FIG. 6 is an exploded view of the preferred embodiment of the wearable mobility device 10. The mobility device 10 includes the base 12 for placement of the shoe (not shown). The base 12 includes a bracket 30 for a wearer's foot and a means to connect the first wheel 16 and the second wheel 18. An aluminum reinforcing brace 54 is provided as a supporting member on the bracket 30 to prevent wear and tear and to enable the first wheel and the second wheel to have a consistent, strengthened structure upon which they can be mounted. A pair of wire covers 32 is provided to cover a plurality of wires (not shown) in the wheel hub motor (not shown) and the wheel hub motor controller (not shown) of the to mobility device 10. The mobility device 10 includes a third wheel 28 for training purposes. The handle flap 24 is inserted into the bracket 30 and acts as a shock absorber. The handle flap 24 also serves as a fitting device that conforms to the user's foot to provide a more customized fit. The battery pack 20 includes a spatial region (not shown) for inserting and storing the plurality of batteries (not shown). The tail reflector 22 is employed to make the mobility device 10 noticeable during night time. The battery pack 20 includes a switch 110 and a Light Emitting Diode (LED) battery meter 102. The switch 110 is used to power the mobility device 10 on and off, and the LED battery meter is used to show the charge status of the plurality of batteries (not shown). The battery pack 20 includes a releasing mechanism 56 to separate the battery pack 20 from the base 12. A plurality of holes 61 are provided on an inner face of the handle flap 24 to hold bolts securing a ladder strap and a ratchet strap which are employed across an upper portion of a wearer's foot. Additionally, a first hole 58 is present on an inner face of the bracket 30 to hold a bolt attached to a ladder strap (not shown) and a second hole 58 is present on an opposing inner face of the bracket 30 to hold a bolt attached to a ratchet strap (not shown). The ladder strap and the ratchet strap secured to the bracket 30 are used to secure the shoe 14 to the mobility device 10 and are employed across a lower-middle portion of the shoe covering the instep of a wearer's foot.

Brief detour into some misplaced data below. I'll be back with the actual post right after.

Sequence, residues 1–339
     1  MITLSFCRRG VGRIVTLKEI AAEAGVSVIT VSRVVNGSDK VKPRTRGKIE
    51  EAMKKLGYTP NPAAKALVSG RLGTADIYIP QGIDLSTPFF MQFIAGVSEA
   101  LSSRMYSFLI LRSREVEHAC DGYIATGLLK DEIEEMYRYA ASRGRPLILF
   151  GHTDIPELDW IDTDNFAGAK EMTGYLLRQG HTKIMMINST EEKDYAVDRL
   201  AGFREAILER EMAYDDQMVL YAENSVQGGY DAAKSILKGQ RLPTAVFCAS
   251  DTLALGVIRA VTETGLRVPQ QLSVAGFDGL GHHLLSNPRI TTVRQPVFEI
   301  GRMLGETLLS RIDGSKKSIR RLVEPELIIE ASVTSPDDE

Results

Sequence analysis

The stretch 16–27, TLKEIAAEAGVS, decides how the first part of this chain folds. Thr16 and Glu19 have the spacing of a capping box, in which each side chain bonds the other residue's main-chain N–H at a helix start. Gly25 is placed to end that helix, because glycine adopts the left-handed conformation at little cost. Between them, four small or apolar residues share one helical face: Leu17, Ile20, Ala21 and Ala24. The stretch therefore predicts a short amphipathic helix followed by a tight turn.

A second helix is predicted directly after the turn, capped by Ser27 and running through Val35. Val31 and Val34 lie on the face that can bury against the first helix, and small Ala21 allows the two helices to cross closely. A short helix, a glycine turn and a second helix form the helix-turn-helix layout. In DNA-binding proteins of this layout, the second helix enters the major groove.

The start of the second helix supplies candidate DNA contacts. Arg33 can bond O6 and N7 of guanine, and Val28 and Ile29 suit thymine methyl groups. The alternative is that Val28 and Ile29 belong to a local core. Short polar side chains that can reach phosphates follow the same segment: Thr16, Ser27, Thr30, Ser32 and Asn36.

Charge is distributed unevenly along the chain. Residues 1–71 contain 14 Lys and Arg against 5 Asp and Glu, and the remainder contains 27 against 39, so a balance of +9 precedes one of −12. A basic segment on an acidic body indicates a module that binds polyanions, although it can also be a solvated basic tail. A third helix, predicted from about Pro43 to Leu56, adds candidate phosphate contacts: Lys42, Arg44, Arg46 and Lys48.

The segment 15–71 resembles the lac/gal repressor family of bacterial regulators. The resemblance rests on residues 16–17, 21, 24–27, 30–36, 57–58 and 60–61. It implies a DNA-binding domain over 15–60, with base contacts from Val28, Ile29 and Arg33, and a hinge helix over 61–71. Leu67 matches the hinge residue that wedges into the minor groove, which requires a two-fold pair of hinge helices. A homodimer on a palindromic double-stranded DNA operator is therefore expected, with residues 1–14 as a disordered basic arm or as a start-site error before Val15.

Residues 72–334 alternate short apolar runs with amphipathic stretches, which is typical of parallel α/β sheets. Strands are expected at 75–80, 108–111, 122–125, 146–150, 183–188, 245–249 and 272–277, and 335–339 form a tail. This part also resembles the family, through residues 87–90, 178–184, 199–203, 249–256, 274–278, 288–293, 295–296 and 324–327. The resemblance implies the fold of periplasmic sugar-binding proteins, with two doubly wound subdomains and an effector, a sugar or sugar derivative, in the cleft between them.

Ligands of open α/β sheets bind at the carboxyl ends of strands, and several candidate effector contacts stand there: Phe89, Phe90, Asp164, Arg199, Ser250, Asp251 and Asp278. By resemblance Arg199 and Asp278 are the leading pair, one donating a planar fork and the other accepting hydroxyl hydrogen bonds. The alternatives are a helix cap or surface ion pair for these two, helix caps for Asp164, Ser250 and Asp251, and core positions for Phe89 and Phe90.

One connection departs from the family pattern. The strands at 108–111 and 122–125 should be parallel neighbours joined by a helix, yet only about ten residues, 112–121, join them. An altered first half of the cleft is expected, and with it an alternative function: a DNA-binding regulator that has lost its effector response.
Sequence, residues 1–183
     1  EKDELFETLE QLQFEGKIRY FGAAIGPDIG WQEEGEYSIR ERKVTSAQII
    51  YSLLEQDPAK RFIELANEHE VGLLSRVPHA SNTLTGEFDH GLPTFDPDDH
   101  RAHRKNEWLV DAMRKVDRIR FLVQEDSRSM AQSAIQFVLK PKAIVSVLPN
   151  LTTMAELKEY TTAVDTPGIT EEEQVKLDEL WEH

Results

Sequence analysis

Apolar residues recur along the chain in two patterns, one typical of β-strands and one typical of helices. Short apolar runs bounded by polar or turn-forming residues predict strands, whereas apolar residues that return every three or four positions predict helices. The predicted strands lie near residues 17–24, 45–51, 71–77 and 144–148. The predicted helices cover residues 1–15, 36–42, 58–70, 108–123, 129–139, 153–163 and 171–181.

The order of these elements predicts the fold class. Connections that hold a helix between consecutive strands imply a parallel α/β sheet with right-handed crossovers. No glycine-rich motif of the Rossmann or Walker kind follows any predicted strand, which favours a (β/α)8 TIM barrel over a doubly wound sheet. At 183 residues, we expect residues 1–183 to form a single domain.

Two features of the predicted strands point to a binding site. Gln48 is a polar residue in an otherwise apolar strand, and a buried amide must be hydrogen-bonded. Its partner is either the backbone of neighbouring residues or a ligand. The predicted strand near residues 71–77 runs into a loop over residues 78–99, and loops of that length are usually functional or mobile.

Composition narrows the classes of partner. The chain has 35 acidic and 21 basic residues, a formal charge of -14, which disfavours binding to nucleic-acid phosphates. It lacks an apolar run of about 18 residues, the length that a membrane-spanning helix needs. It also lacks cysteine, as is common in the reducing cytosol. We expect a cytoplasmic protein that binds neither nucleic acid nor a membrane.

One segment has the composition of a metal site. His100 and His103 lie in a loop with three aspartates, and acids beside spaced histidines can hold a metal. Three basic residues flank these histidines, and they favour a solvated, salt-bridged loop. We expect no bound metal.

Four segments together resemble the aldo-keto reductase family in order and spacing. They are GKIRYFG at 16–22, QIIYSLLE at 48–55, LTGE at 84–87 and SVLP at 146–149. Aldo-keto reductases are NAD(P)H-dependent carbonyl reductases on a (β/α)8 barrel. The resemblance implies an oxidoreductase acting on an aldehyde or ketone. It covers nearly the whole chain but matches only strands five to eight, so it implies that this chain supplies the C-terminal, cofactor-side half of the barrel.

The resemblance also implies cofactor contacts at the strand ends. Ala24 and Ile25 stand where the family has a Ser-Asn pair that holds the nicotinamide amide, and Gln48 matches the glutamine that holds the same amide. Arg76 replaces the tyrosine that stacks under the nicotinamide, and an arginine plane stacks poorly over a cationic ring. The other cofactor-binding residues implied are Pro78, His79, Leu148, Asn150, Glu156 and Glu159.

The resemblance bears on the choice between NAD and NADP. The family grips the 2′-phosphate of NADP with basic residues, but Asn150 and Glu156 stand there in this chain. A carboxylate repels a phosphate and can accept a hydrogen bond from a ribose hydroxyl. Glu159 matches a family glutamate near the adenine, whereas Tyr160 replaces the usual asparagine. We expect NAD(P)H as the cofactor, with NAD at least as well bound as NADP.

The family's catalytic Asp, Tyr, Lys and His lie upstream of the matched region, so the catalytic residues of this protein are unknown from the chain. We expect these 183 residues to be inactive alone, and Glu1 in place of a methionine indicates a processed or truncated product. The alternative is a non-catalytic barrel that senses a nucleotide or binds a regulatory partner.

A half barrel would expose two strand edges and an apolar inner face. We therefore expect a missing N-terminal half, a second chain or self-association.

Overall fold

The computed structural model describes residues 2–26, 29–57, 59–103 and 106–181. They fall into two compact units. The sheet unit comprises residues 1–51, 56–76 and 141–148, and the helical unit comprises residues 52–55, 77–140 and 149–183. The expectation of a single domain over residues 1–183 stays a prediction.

FIG. 7 is an electrical schematic diagram 100 for a wearable mobility device 10. The diagram 100 illustrates electrically coupled connections between the LED battery meter 102, a battery management system (BMS) 104, the plurality of batteries 106 connected in a series/parallel configuration, a battery charging port 108, the switch 110, the wheel hub motor controller 112, the wheel hub motor 114 and the wireless receiver 116. In the illustrated embodiment, the wireless receiver 116 is electrically coupled to the wheel hub motor 114 and the wheel hub motor controller 112. In an alternative embodiment, the wireless receiver 116 is electrically coupled to the wheel hub motor controller 112 to which control signals are transmitted for control and operation of the wheel hub motor 114. The LED battery meter 102 and the BMS 104 are electrically coupled to the plurality of batteries 106. The plurality of batteries 106 can be charged by utilizing the battery charging port 108. The wheel hub motor controller 112 controls the speed of rotation and the direction of travel (i.e., forward or backward) of the wheels of the mobility device 10 after receiving one or more control signals from a remote control through the wireless receiver.